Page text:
Until that time, most fruits and vegetables had been consumed in preserved form, which lowered the vitamin content. Cane sugar was well known to confectioners, and the rich used it in ample quantities, but it never played a role in the German working-class diet. Sugar did not en- ter that diet in a large way until the introduction of beet sugar. Most German sugar-based products today employ beet rather than cane sugar. Gram for gram, beet sugar is now so much cheaper than meat that it has replaced meat in the form of junk and snack foods.

Until the end of the nineteenth century, a large ma- jority of the rural population in German-speaking Eu- rope was self-sufficient in terms of supplying daily food needs. Most households oriented their menus accord- ing to what could be obtained in the nearest market, and these menus did not vary greatly through the course of the year. Regional customs and the season deter- mined the rhythm of consumption, but by today’s stan- dards, this cooking would be considered monotonous, nutrient-deficient, hard to digest, even at times dis- gusting because of the heavy-handed use of lard and other animal fats. It is ironic that with the prosperity which Germany has enjoyed since World War II, culi- nary writers have painted a picture of the past that is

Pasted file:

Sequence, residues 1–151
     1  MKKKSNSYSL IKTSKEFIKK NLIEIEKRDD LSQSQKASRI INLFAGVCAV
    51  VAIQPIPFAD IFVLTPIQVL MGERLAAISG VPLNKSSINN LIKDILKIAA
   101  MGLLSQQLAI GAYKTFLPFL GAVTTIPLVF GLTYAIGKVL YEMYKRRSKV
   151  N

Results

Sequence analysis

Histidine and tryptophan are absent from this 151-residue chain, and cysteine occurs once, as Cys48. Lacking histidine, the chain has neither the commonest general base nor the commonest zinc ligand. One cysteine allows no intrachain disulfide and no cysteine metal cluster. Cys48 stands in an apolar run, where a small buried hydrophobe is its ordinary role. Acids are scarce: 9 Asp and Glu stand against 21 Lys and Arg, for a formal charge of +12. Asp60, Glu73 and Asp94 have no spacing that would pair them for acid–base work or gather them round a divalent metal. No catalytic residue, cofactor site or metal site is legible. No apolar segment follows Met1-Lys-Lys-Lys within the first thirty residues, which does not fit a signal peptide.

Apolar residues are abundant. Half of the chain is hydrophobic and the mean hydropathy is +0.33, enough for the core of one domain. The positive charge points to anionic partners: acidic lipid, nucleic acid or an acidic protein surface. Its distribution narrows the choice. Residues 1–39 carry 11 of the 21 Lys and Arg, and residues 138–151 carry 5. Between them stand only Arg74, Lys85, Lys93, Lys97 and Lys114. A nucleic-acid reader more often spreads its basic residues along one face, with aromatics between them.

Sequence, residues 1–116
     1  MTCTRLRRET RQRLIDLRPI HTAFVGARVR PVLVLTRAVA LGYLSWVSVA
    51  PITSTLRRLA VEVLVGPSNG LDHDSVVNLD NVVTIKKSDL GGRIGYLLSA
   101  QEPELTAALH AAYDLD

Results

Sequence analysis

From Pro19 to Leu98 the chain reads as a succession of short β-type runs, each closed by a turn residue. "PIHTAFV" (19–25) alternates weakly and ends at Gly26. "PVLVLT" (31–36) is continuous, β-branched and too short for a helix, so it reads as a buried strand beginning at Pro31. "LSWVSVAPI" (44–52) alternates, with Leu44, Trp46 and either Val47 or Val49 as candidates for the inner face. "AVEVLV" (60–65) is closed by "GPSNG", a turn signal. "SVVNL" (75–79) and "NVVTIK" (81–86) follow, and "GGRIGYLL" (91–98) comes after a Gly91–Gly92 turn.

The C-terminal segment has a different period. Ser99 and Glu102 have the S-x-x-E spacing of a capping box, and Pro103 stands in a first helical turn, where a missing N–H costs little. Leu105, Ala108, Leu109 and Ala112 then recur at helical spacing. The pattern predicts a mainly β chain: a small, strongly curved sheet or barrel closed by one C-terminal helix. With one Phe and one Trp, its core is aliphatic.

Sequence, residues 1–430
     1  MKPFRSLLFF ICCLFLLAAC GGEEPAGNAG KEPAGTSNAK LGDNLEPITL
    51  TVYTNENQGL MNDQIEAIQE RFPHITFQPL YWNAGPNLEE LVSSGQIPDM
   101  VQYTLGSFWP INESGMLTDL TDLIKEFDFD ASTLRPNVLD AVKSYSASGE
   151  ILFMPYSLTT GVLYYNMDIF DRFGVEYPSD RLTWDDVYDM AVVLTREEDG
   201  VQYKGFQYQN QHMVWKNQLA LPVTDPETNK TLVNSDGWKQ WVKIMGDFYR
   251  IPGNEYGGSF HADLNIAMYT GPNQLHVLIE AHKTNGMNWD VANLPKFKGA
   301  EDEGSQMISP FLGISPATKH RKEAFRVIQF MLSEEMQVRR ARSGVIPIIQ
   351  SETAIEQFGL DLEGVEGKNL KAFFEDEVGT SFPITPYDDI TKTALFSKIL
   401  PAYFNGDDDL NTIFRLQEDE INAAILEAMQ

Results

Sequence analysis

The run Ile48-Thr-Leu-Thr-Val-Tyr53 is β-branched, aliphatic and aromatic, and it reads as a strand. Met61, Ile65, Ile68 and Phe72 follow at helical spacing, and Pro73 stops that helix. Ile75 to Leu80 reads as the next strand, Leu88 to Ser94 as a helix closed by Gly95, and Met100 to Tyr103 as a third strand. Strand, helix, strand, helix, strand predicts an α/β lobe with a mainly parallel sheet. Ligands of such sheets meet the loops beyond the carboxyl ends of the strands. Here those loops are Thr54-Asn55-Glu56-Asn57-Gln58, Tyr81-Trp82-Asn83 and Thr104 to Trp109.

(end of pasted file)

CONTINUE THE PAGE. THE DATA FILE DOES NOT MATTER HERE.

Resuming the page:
ENCYCLOPEDIA OF FOOD AND CULTURE

much rosier than what actually occurred—a truism for most European peasant cookeries. Rich dishes that were only eaten on rare occasions are now treated like daily fare, and restaurants specializing in traditional cookery, especially establishments catering to tourists, provide menus that resemble old-time wedding banquets rather than typical meals. This is not to say that German Eu- rope has not created a cuisine with many noteworthy dishes, yet it is true that these dishes have lost much of their original cultural context.